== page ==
One quick-and-dirty indication that a duct system has sizable leaks to the outdoors occurs when an auditor notices obvious air flow from forced-air registers during a blower-door test. Since the house is strongly depressurized, the airflow represents exterior air; and since it’s coming from the duct system, the airflow is a sign that the duct system has leaks that connect with the outdoors.

To determine how much duct leakage is leakage to the outdoors, a tester needs a blower door and a Duct Blaster. Here are the steps:

  • A blower door is set up in an entry door.
  • All supply registers and return grilles are sealed with polyethylene and tape.
  • The air handler fan is turned off.
  • A pressure tap is temporarily installed in the duct system to measure the pressure of the duct system with respect to the house.
  • Another manometer or tube is set up to measure the outside pressure with respect to the ducts.
  • The Duct Blaster is set up and attached to the duct system (usually near the furnace).
  • The blower door is turned on and the house is pressurized to 25 Pascals.
  • The Duct Blaster is turned on to pressurize the duct system; the Duct Blaster fan is adjusted until there is no pressure difference between the ducts and the house. At that point, all of the air going through the Duct Blaster is going outdoors through duct leaks. The airflow indicated on the Duct Blaster’s manometer (in cfm) quantifies that duct leakage to the outdoors.

Obviously, duct leaks to the outdoors represent heating or cooling energy that is lost.

Testing ducts with a fog machine

To find the location of duct leaks, nothing beats a theatrical fog machine.

Gary Nelson, the founder of the Energy Conservatory, describes the method: “You tape up all the registers and you pressurize the ducts. Then you introduce fog into the Duct Blaster — you aim the fog nozzle at the fan blades, without letting the fog get drawn into the vent holes in the motor, and you watch where the fog pours out. Sometimes you may be working with an HVAC contractor who says, ‘This is a good duct system. This is the way we have always done it. This is normal.’ Well, when you show them the fog coming out of the leaks, they shut up really fast.”

For more information on this technique, see “Pinpointing Leaks With a Fog Machine.”

Sealing the leaks that matter most

The mechanics of duct sealing are beyond the scope of this article, but it’s worth noting:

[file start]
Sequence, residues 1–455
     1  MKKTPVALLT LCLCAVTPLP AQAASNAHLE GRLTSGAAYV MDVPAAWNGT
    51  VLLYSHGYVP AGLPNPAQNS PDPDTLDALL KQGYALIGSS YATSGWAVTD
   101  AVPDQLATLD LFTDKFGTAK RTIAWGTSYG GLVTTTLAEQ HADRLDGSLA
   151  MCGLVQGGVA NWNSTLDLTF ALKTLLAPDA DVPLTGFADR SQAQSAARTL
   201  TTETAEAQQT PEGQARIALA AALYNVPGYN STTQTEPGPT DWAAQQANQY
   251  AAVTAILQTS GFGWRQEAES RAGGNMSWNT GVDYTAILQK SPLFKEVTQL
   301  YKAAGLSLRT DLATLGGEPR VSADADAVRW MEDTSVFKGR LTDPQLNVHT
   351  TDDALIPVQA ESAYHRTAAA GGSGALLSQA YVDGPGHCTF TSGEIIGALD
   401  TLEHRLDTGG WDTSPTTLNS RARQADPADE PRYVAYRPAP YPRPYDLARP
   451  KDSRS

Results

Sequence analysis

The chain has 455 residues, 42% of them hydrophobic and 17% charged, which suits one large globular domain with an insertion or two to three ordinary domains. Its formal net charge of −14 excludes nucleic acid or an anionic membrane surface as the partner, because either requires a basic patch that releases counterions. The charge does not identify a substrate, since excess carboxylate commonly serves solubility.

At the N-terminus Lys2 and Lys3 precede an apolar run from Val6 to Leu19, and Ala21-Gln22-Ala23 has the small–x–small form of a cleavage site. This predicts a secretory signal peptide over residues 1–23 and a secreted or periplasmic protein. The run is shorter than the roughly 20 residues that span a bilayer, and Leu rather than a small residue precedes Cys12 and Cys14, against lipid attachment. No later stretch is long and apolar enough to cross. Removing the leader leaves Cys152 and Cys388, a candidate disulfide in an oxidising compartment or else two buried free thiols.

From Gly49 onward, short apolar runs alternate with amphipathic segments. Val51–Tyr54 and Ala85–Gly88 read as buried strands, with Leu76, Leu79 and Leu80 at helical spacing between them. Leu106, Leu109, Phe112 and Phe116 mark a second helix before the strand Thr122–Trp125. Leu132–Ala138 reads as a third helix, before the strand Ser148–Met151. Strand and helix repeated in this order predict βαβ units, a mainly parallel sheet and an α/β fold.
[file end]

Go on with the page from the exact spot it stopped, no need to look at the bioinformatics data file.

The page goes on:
• Duct seams need to be mechanically fastened (using sheet-metal screws for galvanized ducts and compression straps for flex duct) before being sealed.
  • For sealing most duct leaks, mastic works better than any tape. (Bruce Manclark calls tape “the band-aid of the HVAC industry.”)
  • Mastic is messy, so wear old clothes when you apply it.
  • Install mastic “as thick as a nickel.”
  • Cracks or seams wider than 1/8 inch need to be repaired with fiberglass mesh as well as mastic.

It’s important to prioritize duct-sealing efforts so that the most important leaks are addressed first. As Philip Fairey, the deputy director of the Florida Solar Energy Center, likes to say, “Duct leakage is like real estate — it’s all about location, location, location.”

  • In existing homes, it’s surprisingly common to find disconnected duct components — takeoffs that are coming loose from ducts or ducts disconnected from register boots — in attics or basements. Such disconnected ducts can waste tremendous amounts of energy.
  • Leaks connected to the outdoors are more important than leaks inside the home’s thermal envelope.
  • Holes that see high pressures — in other words, holes near the air handler — are more important than distant holes that see relatively low pressures. Bruce Manclark’s mantra is, “Follow the pressure: boots for show, plenums for dough.”
  • Most furnaces have many bad leaks close to the blower fan, including leaks in the furnace jacket seams, leaks between the furnace and the plenums, and leaks between the duct takeoffs and the plenums.